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3 Negative Yes/No Questions a Tag Questions This Isn’t Dangerous, Is It? Focus on Grammar 4 Part III, Unit 7 By Ruth Luman, Gabriele Steiner, and BJ Wells Copyright © 2006. Pearson Education, Inc. All rights reserved.
“This isn’t dangerous, is it? ” These parachutes work, don’t they? You haven’t done this before, have you? Isn’t this fun? We won’t get hurt, will we?
Use negative yes/no questions and tag questions to: check information you believe to be true OR comment on a situation. I pull the blue cord, don’t I? In both sentences the speaker is commenting on the view. Isn’t the view great? Don’t I pull the blue cord? The In both sentences the speaker believes that he should view great, pullis the blue cord and isn’t it? wants to check this information.
Negative Yes/No Questions Like affirmative yes/no questions, negative yes/no questions begin with a form of be or an auxiliary verb, such as have, do, will, can, or should. Haven’t you had lunch yet? Aren’t sharks vegetarians? Can’t you swim somewhere else? Didn’t you see the shark warning sign?
Tag Questions 1 Form tag questions with statement + tag. The statement expresses an assumption. The tag means Right? OR Isn’t that true? Tag It’s a long way down, isn’t it? Tag Statement I went the wrong way, didn’t I? Statement
Tag Questions 2 If the statement verb is affirmative, the tag verb is negative. If the statement verb is negative, the tag verb is affirmative. Negative Affirmative You won’t talk for too This long, rope will hold me, won’t it? will you? Affirmative Negative
Tag Questions 3 Form the tag with a form of be or an auxiliary verb, such as have, do, will, can, or should. Use the same auxiliary that is in the statement. You bought life insurance, didn’t you? He has done He isn’t this before, joking, is he? hasn’t he?
Be Careful! In the tag, only use pronouns. When the subject of the statement is that, the subject of the tag is it. Tom isn’t enjoying he? this, is Tom? That wasn’t my parachute, was it?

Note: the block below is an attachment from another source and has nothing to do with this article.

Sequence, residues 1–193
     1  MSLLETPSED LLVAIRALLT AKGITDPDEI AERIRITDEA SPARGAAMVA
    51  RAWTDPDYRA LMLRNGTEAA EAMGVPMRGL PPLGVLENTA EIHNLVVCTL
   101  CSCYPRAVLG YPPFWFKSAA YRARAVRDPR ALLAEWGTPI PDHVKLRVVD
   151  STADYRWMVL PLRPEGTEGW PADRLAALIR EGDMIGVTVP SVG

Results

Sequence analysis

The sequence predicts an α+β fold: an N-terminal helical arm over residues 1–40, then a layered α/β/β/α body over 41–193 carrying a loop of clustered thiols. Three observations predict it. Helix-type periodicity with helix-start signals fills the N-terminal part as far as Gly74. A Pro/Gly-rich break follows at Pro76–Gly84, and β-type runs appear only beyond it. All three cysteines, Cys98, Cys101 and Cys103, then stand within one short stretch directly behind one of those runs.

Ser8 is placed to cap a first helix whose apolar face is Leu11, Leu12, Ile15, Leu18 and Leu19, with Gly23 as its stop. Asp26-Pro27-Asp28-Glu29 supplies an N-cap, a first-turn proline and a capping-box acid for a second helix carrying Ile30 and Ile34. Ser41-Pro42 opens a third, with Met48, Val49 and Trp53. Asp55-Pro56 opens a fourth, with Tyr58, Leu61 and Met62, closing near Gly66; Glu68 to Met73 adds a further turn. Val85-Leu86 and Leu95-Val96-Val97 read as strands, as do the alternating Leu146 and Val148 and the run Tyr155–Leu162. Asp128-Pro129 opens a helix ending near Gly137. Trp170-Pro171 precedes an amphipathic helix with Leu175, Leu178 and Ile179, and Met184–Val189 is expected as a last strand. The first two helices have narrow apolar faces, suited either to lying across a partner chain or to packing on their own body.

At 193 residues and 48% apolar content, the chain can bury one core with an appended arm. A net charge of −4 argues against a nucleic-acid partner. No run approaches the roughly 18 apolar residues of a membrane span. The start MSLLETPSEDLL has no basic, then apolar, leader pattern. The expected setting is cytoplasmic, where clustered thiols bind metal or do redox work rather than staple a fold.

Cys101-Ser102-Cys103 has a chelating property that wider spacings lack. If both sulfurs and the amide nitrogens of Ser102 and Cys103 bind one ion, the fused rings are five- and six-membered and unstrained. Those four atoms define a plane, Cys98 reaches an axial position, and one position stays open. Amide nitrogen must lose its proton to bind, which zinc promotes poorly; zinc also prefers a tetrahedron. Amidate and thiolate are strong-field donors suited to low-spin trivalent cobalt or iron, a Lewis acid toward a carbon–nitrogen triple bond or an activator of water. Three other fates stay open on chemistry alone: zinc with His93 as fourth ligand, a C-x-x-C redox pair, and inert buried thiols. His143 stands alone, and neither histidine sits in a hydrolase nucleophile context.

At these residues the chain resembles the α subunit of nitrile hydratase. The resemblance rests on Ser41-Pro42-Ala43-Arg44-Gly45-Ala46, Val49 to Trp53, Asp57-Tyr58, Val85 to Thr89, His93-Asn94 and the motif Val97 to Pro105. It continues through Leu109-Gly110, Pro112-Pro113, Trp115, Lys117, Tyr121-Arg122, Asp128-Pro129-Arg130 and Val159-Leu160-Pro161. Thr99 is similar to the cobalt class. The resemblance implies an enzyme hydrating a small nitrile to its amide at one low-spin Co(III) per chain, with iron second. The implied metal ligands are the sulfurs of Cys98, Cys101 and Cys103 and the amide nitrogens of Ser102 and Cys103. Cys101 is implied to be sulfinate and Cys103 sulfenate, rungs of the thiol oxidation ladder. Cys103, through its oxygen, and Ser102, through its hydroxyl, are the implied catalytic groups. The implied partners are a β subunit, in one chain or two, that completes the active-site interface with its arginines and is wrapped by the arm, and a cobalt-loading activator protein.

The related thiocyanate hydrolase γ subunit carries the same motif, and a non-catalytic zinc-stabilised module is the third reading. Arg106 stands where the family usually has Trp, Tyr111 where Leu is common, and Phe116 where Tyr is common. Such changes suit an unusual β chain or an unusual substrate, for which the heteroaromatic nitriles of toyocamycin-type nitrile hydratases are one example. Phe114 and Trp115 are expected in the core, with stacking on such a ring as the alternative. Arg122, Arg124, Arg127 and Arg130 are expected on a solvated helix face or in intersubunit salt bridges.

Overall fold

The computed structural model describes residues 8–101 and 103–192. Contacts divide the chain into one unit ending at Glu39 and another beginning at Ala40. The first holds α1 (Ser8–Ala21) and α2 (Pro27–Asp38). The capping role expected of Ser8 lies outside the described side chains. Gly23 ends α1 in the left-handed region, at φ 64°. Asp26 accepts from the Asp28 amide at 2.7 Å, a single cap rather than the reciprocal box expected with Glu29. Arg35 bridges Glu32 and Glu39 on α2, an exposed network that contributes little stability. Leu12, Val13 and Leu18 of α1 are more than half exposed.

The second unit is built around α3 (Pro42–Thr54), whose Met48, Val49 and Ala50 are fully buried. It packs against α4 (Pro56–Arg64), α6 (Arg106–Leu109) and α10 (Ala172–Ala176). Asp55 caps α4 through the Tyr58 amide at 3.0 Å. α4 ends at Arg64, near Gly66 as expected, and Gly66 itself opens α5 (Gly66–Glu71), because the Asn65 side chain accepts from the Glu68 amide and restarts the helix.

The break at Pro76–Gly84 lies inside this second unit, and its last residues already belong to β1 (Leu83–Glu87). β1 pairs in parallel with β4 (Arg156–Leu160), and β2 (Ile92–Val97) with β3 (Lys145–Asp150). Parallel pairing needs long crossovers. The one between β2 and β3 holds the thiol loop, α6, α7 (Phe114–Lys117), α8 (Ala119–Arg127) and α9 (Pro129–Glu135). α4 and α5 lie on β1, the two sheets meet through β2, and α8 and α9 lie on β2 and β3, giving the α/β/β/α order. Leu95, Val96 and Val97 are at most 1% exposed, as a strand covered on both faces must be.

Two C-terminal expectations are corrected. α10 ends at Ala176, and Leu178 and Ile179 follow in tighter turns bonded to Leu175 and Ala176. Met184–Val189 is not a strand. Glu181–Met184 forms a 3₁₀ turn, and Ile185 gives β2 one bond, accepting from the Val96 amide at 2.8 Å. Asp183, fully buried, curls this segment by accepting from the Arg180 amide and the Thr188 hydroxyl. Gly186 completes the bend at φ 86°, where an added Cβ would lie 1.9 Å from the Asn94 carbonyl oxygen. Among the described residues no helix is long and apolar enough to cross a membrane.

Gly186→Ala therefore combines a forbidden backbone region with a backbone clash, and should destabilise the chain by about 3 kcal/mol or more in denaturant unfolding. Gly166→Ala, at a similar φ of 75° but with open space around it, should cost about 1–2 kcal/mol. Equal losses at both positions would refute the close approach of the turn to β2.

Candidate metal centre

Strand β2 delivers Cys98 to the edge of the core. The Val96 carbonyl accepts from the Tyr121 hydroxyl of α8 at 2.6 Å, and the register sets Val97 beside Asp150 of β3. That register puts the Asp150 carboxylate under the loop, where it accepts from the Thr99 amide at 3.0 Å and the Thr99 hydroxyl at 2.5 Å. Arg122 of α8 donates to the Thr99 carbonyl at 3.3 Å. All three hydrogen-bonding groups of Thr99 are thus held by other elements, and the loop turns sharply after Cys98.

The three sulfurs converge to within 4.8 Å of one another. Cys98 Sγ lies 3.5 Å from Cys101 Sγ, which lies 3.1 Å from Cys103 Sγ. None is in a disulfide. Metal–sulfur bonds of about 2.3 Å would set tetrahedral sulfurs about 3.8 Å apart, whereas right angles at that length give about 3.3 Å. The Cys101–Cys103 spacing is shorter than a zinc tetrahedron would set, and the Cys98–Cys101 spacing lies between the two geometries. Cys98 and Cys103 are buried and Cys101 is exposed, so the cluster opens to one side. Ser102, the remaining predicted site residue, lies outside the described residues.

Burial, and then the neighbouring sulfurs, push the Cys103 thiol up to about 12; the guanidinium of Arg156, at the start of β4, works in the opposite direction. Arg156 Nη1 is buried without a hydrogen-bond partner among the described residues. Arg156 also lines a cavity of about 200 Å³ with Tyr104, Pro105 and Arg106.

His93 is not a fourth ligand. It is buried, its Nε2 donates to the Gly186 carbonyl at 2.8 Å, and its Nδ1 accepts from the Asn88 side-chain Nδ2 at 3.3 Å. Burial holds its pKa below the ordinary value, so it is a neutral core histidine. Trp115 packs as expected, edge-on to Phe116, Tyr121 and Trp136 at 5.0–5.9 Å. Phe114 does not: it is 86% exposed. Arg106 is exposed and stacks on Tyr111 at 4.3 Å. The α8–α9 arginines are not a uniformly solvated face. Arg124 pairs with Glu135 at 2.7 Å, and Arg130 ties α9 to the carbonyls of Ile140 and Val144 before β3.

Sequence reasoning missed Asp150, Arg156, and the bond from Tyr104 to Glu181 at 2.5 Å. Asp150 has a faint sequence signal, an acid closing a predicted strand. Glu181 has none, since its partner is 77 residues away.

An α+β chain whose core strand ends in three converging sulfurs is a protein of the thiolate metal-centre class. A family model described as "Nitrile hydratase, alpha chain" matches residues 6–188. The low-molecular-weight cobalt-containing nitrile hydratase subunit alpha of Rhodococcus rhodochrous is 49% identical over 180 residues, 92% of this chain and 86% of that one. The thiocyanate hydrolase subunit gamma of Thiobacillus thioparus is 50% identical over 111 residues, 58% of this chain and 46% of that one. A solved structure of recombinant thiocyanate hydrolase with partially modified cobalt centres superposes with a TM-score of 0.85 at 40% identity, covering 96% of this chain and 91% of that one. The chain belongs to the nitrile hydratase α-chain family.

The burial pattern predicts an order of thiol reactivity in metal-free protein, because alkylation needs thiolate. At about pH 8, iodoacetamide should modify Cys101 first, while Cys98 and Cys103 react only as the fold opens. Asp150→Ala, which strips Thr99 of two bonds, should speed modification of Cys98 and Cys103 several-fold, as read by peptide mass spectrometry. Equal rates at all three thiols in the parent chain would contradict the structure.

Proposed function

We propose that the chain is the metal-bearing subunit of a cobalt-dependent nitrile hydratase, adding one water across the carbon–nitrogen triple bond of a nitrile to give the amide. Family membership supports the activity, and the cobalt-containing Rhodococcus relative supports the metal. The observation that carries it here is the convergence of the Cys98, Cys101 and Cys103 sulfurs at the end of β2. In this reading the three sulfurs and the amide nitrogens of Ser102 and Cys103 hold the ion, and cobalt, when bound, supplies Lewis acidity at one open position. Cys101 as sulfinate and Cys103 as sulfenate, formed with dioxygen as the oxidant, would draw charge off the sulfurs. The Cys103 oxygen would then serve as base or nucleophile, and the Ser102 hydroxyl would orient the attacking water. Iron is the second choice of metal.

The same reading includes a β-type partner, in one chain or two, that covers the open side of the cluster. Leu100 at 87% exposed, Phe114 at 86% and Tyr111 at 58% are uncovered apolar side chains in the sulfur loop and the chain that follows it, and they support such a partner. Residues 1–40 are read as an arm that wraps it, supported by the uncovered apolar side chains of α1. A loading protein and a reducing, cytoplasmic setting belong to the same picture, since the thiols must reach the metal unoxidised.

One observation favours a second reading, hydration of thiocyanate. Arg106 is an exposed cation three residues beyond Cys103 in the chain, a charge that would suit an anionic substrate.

Practice 1 Complete the tag questions with the correct tag. Example: You can swim, … can’t you? 1. This is high enough, isn’t … it? 2. The rope won’t break, will … it? 3. We don’t have enough food, do … we? 4. He didn’t bring the helmets, did … he? 5. She hasn’t given us the right parachutes, … has she? 6. We should check the map, shouldn’t … we? 7. Our guide, Bob, does this all the time, … doesn’t he?
Intonation 1 Use tag questions in conversations when you expect the other person to agree with you. In this type of tag question, the voice falls on the tag. You’re That hurts, doesn’t it? right. I didn’t wear a seat belt. You didn’t wear a seatbelt, did you? This type of tag question is more like a statement than a question. The listener can just nod or say uh-huh to show that he or she is listening and agrees. The speaker is checking information he believes is correct. He expects Uhthe listener to answer huh. (and agree).
Intonation 2 Tag questions can be used to get information. This type of tag question is more like a yes/no question. Like a yes/no question, the voice rises at the end, and you usually get an answer. This isn’t dangerous, That’s is what it? they told us in the skydiving class. The speaker wants to confirm his information because he is not sure it is correct. Well, Thissometimes parachute will open before there are we land, won’t it? sharks.
Answers Answer negative yes/no questions and tag questions the same way you answer affirmative yes/no questions. The answer is no, if the information is There’s not correct. No, it doesn’t. Doesn’t your parachute work? a hospital nearby, isn’t there? Yes, there is. The answer is yes, if the information is correct.
Practice 2 Write dialogues for each picture using tag questions or negative yes/no questions, and answers for each picture. Example: Eels don’t bite, do they? No, we don’t. We just like to hug. 1. 2.
References Copyright © 2006 Pearson Education and its licensors. All rights reserved.